James Yood: “I hear no one suggesting that the DIA’s entire collection should be sent tomorrow to Sotheby’s for immediate dispersal (though such an act could theoretically bring in more than $18 billion – what’s the opening bid for their Diego Rivera murals?).”
Mr. Yood should read the comments section of mainstream websites that are publishing reports on the possible auctioning of art treasures held by the DIA. There is unfortunately a great number of people who think it is a grand idea, and Yood’s editorial does nothing to disabuse them of the notion. Though he cannot name anyone that might suggest the entire DIA collection be put on the auction block, Yood ignores the preparatory moves currently being undertaken to do just that. He barely conceals his excitement over the prospect of the entire DIA collection bringing in over $18 billion on the auction block, and shamelessly jokes about the bidding price for Rivera’s Detroit Industry mural series at the DIA.
That an art critic for ArtForum writes such bilge in support of a forced sale of a major museum’s permanent collection is beyond disgraceful.
I would like to reiterate my view that plans to seize and auction off the collection of the Detroit Institute of Arts, if successful, will be a strategy visited upon museums all across the country. We should all give direct assistance to the DIA, by visiting the museum’s website to make a donation or by signing up to become a member.
James Yood: “But if your community is dying you have to consider what you can do to help it survive. If the Art Institute of Chicago or your local art museum can (and did, and will again) sell something like a first-rate Braque, why can’t the Detroit Institute of Arts sell a first-rate Brueghel? Why?”
Yood writes about bankruptcy as if it were an act of God for which we mortals must pay penance, and he makes no attempt at describing the context of the crisis… the political and economic decline of the U.S. over the years and how this has deeply impacted Detroit (not to mention other U.S. cities). He writes as if the state auctioning off the permanent collection of a major American art museum is not an earth-shattering political event with profound national and international implications. He fails to explain why the DIA should be made to pay for the greed and mismanagement of those who are actually responsible for Detroit’s financial crisis. In essence, he writes as an apolitical intellectual.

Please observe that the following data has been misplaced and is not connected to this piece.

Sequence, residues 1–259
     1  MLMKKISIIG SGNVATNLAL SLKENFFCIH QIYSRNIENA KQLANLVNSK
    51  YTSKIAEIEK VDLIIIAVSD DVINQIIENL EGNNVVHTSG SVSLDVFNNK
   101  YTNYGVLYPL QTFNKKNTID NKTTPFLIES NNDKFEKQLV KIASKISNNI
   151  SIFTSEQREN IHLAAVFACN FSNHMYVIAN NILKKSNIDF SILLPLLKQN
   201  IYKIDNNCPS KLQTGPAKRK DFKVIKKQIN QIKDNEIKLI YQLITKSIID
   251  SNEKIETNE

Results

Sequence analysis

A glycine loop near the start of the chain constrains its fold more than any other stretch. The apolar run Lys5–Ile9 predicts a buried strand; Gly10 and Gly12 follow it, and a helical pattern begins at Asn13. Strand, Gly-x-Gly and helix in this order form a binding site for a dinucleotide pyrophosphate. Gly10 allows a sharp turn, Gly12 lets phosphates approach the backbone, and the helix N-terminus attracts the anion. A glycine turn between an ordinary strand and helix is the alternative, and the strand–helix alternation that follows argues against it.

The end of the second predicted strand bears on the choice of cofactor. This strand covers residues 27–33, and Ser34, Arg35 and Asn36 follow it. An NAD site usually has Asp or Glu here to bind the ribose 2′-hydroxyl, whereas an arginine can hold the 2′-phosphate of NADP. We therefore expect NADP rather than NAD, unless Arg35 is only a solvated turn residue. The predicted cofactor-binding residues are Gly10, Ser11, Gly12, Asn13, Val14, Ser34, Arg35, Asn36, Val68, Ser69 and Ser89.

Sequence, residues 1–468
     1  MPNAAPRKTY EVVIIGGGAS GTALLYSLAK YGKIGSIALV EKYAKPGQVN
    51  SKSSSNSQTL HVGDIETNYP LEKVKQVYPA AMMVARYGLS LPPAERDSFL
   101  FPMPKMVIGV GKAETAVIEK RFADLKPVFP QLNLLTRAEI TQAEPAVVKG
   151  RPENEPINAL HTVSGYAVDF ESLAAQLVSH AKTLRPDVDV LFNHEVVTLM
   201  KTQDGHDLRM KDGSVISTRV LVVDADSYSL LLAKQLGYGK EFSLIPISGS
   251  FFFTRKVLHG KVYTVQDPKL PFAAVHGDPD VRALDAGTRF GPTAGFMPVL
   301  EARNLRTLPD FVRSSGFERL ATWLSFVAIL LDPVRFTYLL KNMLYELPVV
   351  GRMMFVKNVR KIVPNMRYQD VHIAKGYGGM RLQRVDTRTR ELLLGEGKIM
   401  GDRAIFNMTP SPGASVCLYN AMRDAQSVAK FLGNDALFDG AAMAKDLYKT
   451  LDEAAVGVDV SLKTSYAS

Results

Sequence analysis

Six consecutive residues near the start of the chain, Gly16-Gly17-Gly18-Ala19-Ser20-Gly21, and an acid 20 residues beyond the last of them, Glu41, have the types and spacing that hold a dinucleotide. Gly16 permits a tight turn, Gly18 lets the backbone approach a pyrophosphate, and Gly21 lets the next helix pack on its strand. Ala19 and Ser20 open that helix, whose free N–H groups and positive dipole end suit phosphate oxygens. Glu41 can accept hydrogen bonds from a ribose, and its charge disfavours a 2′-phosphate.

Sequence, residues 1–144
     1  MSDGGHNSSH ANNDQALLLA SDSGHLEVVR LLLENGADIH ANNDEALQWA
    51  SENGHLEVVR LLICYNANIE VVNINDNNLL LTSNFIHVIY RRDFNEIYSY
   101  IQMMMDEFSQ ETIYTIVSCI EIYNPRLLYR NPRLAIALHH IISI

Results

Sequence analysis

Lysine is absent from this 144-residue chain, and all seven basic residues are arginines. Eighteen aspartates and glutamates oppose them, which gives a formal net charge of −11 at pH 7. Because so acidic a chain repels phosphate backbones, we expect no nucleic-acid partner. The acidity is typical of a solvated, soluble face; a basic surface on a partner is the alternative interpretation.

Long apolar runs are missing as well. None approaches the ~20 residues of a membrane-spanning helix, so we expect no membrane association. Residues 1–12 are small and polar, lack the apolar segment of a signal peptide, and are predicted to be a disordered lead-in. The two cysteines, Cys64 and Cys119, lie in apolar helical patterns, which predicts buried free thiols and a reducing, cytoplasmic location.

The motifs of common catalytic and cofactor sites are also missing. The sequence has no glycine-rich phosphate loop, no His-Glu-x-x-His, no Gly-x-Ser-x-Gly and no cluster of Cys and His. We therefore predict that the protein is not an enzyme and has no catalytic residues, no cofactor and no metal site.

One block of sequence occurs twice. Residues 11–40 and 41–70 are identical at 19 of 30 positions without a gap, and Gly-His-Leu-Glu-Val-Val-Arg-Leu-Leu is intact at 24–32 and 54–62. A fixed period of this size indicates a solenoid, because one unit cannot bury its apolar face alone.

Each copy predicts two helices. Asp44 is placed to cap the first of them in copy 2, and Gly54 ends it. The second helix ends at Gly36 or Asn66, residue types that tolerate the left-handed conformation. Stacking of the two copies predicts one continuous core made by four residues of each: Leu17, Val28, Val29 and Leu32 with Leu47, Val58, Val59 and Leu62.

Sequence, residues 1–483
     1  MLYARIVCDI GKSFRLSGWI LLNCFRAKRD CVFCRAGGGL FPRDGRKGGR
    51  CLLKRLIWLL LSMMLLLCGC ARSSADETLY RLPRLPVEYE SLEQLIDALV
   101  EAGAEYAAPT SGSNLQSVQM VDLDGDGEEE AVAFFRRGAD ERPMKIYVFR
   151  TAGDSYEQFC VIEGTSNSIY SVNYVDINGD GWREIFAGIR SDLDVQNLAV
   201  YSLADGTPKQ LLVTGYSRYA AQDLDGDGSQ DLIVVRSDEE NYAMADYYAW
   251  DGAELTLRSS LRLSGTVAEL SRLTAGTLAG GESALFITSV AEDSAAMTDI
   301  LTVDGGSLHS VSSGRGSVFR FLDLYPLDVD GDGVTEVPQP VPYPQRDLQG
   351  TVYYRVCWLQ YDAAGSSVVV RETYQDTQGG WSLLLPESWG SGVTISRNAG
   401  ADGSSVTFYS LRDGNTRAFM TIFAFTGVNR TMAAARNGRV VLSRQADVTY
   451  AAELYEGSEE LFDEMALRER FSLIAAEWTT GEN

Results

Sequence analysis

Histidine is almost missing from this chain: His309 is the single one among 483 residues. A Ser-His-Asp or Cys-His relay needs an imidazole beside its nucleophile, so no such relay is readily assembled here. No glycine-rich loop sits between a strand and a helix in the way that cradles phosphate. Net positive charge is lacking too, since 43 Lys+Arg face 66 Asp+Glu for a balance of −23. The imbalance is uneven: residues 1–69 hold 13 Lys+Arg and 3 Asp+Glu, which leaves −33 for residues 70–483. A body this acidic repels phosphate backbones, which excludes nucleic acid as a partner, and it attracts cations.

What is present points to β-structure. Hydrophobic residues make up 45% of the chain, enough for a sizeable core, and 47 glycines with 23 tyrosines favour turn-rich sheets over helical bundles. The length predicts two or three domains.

Yood’s position denies the museum as a commons, a vital gathering place where people can share ideas and collective experiences. In the case of the Detroit Institute of Arts, a museum founded in 1885, we are talking about a very rich history indeed. The DIA is an integral part of the community, city, and nation, not a building full of what creditors and bureaucrats might simply see as “assets.”
To say that “art is for everyone” might sound like a glib cliché to some, but for the people of Michigan’s Oakland, Macomb, and Wayne counties outside of Detroit, the phrase was taken seriously. During an August 7, 2012 election, voters passed a tax increase for their Tri-County area that would help fund the DIA. The magnanimous vote indicates just how important the DIA is to the people of Michigan.